Voices

VoicesEighty percent of Americans who know of the over-reaching, legislation-from-the-bench Supreme Court decision in the Citizens United v. Federal Election Commission case – the one that ensured unlimited money influencing our politics – want it reversed.  That number varies by just a handful of percentage points, depending on respondents’ political views.  This issue is the venue where ultra-left tree huggers and hair-on-fire Tea Party members can join hands, sing Kumbaya and wave Don’t Tread On Me flags, all at the same time.  The trick in getting action on this is to expand the number of Americans who know about the CU decision so that we can exert sufficient pressure on lawmakers to pass the 28th Amendment to the Constitution to get big money out of our political process.

It was to that educational purpose that I crafted the Money, Politics and Democracy program that I have been delivering to various local groups for the better part of a year.  I delivered it last week to a fledgling group in DuPage and Will Counties who care enough about this issue to leave their front porches on a lovely summer evening and sit in a hot meeting room in order to learn.

Be clear that I have another motive in my talk.  It is to motivate people to take action.  And it is to that point that I direct you to an essay by Jesmyn Ward in today’s New York Times entitled A Cold Current.  Her story is about racism, the devaluing of people by “othering” and how we react to that.  There is a parallel to her story in today’s economically punitive America.

Think about the America you believe in, the one you want to leave to your children and grandchildren.  Look deep into your notion of The American Dream.  You better think about it, because we are crafting the America we will bequeath to your descendents right now.  It is just possible that the dream that you hold dear for your dear ones and yourself is a different dream than that dreamed by the leaders of our pharmaceutical industry, our energy barons, the fabulously wealthy individuals – the 1%.  That is because those people are exactly like everyone else in this sense:  We all act in what we believe to be our best interests.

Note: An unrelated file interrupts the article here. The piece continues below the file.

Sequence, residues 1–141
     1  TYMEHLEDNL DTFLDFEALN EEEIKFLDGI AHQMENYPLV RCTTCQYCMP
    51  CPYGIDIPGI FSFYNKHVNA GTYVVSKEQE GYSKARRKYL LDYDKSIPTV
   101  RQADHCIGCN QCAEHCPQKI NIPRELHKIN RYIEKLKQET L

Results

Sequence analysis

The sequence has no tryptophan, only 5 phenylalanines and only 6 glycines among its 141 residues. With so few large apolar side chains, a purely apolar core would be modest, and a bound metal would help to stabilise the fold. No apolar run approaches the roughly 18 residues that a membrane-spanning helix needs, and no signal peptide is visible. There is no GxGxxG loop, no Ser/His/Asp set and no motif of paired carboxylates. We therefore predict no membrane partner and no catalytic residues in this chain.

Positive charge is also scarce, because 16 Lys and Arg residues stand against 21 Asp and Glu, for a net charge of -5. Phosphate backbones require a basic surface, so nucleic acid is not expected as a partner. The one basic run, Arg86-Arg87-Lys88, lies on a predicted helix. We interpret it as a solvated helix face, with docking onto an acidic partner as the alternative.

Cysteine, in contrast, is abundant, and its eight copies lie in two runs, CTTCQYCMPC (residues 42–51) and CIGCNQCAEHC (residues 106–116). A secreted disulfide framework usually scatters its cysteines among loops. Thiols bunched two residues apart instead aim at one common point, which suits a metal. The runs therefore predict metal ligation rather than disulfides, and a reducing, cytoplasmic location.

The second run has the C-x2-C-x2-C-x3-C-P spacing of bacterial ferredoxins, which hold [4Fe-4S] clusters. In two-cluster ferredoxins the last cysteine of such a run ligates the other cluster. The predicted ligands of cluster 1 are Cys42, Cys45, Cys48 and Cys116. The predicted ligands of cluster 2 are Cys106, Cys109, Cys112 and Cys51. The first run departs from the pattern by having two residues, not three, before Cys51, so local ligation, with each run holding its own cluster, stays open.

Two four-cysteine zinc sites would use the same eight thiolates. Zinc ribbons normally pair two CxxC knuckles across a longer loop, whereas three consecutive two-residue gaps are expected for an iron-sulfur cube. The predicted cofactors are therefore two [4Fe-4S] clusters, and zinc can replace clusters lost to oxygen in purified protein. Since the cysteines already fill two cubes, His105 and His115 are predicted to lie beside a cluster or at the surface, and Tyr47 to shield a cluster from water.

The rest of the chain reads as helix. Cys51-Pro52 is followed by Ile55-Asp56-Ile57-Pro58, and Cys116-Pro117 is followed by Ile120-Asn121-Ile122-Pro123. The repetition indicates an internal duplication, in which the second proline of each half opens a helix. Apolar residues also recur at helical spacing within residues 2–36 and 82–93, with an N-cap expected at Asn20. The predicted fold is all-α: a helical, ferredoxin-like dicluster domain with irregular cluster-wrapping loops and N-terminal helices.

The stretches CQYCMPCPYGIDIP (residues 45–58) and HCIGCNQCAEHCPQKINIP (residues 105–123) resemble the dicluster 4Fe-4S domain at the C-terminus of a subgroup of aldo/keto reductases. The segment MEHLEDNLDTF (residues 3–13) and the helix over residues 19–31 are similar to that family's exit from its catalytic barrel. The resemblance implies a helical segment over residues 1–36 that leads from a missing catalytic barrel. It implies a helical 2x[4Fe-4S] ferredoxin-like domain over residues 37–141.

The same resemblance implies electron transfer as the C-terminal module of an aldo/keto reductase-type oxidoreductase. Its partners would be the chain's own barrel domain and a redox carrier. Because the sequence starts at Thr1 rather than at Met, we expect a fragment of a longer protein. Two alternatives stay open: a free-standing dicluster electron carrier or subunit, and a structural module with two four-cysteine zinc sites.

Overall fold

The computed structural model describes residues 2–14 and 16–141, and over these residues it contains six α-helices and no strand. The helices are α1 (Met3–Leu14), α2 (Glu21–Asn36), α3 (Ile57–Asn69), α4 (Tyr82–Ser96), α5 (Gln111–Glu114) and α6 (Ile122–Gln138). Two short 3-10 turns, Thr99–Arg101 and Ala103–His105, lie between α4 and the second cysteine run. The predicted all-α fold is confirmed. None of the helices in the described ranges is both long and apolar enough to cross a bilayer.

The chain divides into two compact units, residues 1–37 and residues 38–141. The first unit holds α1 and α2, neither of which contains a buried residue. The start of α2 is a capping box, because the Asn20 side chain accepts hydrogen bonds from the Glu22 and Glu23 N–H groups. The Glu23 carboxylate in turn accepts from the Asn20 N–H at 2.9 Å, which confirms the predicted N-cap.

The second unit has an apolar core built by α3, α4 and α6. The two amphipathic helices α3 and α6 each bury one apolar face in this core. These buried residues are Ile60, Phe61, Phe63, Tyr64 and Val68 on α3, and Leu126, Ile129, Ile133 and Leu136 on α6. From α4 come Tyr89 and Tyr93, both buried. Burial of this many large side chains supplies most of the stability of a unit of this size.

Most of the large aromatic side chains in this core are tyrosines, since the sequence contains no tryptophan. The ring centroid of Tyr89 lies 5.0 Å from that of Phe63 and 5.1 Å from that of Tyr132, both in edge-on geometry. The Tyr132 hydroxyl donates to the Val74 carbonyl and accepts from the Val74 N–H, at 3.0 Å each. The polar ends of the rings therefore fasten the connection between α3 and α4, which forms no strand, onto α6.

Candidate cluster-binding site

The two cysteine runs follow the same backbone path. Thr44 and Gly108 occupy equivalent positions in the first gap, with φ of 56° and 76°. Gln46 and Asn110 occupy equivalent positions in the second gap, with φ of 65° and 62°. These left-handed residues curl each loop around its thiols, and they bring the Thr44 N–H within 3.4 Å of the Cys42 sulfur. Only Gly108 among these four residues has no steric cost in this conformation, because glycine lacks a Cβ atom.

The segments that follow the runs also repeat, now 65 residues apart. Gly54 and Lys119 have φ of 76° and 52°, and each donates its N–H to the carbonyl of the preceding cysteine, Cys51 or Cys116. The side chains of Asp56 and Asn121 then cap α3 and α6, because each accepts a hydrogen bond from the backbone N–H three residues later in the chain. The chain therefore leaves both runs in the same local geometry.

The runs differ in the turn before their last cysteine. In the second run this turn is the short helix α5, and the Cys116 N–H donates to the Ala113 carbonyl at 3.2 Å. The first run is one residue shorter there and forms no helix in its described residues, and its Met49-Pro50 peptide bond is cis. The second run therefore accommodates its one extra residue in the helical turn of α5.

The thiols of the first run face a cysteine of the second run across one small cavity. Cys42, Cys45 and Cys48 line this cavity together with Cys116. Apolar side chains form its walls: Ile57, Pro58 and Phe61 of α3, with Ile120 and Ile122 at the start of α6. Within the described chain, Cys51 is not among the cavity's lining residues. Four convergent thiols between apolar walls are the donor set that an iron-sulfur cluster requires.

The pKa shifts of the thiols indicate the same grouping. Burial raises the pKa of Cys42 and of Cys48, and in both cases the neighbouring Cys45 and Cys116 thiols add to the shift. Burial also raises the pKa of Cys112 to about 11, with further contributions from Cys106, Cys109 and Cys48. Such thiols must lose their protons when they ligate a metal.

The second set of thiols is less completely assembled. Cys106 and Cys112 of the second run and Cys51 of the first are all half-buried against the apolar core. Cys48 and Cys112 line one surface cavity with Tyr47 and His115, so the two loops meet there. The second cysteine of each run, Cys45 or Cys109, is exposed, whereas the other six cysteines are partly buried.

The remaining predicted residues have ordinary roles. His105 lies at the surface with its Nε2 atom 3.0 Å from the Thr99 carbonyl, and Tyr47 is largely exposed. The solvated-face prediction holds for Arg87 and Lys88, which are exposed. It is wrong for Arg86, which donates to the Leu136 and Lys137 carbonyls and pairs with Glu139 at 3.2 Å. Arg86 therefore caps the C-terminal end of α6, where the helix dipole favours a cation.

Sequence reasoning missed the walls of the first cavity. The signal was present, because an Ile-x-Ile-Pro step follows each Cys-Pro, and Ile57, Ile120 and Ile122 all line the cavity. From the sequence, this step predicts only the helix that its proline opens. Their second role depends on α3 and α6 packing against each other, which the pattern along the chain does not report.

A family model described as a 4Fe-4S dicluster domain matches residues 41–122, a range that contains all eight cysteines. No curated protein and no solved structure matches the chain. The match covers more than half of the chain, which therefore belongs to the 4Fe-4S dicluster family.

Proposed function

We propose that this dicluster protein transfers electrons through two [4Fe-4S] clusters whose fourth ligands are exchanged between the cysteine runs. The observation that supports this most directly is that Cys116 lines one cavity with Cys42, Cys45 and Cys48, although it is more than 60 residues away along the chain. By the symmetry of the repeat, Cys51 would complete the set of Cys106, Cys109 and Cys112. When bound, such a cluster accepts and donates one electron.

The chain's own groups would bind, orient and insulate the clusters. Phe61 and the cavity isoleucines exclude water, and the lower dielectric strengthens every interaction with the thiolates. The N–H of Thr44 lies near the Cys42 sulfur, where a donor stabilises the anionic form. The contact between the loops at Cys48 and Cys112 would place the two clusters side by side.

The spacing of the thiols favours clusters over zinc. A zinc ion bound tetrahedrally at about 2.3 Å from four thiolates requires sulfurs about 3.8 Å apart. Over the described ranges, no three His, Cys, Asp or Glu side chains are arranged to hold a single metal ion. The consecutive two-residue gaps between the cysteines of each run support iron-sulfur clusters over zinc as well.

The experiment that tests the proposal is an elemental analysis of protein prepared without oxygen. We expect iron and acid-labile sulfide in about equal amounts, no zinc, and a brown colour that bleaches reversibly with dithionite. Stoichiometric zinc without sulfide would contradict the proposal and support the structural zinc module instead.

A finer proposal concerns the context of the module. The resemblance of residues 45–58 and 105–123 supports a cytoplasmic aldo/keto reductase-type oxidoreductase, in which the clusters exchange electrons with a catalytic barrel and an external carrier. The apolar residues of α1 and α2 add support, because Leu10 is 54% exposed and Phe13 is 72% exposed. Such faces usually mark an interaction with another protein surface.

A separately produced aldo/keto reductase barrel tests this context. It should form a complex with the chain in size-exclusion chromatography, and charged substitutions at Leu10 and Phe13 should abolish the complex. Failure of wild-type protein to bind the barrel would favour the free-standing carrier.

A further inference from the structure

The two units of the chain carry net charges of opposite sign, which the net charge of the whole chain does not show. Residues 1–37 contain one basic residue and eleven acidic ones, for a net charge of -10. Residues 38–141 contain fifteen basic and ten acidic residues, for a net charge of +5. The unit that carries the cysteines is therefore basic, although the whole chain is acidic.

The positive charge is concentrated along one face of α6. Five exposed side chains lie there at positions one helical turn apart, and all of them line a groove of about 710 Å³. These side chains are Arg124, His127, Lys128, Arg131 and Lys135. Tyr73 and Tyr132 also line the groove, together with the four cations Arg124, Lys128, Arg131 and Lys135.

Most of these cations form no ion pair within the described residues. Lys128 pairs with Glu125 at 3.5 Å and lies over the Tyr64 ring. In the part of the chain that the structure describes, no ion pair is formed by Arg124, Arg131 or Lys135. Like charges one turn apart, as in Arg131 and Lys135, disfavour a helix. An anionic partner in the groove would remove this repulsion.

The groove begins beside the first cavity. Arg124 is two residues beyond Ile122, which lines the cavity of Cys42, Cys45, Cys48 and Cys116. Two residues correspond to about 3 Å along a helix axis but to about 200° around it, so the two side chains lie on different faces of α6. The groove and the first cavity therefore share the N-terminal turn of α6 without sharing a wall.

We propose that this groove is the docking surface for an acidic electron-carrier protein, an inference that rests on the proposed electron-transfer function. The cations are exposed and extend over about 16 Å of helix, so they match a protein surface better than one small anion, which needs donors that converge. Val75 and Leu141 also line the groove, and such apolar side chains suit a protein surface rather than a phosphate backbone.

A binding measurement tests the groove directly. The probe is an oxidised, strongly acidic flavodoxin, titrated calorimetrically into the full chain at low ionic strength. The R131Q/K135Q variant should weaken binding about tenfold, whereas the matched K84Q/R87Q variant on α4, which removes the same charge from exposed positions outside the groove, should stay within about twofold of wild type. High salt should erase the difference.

I don’t even remotely imagine that the Koch brothers arise every day with sights on the evil they might do or the mischief they can create for most Americans.  As the titans of Big Pharma spent $390 per second fighting Obamacare, they weren’t doing it to ensure that our healthcare system remains the worst among industrialized nations.  Neither do the leaders of the American Petroleum Institute air its television ads with the pretty blonde in a black pants suit in order to create more super-hurricanes like Katrina and Sandy so that more Americans might suffer and die.  They do those things because it is in their financial best interests to do what they do, so they spend the big money to make their voices heard.  It is all about the voices.

So, rather than putting your effort into demonizing the big bucks class in America, your energy needs to be focused on making your voice heard.  Let go of any notion of instant gratification, because this is a long term push.  Just understand this:  If you don’t make your voice heard, people with a very different dream for America from the one you believe in will have their voices heard, because they will be the only ones talking.

Now go read Jesmyn Ward’s piece.  Read it first for her message about racism.  Then read it again and substitute “classism” and you’ll understand.

Copyright 2017 by Jack Altschuler
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